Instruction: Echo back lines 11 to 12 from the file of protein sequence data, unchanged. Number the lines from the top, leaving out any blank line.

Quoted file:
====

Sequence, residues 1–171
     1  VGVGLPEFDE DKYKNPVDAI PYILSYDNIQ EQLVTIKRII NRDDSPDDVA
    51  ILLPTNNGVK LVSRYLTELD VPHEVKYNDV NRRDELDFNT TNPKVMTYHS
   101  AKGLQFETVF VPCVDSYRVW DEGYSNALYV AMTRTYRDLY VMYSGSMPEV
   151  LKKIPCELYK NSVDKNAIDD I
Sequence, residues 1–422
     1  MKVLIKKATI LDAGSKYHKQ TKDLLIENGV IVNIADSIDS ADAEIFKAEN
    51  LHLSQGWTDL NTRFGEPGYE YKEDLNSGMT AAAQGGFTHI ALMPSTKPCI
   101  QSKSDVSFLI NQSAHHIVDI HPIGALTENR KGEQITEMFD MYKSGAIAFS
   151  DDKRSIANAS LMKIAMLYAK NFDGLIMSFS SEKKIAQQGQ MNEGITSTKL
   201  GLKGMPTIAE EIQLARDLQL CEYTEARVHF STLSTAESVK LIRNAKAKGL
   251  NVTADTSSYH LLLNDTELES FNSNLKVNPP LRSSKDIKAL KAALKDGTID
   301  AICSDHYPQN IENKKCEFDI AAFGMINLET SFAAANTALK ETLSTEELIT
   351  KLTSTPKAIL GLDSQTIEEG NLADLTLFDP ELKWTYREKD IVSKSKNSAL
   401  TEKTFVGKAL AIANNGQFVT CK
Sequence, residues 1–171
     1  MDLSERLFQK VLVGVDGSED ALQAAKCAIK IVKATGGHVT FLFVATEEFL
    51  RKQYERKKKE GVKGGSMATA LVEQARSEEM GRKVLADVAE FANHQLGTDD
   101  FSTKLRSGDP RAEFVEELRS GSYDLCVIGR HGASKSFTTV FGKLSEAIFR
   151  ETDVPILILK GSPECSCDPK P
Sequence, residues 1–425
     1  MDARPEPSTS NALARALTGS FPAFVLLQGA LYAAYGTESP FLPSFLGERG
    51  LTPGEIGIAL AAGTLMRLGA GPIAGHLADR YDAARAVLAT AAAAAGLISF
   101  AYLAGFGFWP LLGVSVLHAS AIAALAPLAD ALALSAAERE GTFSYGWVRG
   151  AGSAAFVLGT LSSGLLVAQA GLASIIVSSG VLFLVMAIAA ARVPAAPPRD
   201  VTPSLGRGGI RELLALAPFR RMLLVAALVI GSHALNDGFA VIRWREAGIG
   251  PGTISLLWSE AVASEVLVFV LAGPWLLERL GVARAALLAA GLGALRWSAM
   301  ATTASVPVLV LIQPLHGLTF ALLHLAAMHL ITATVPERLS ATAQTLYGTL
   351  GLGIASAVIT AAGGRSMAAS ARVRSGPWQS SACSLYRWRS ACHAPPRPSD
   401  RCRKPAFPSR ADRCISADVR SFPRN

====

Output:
   201  GLKGMPTIAE EIQLARDLQL CEYTEARVHF STLSTAESVK LIRNAKAKGL
   251  NVTADTSSYH LLLNDTELES FNSNLKVNPP LRSSKDIKAL KAALKDGTID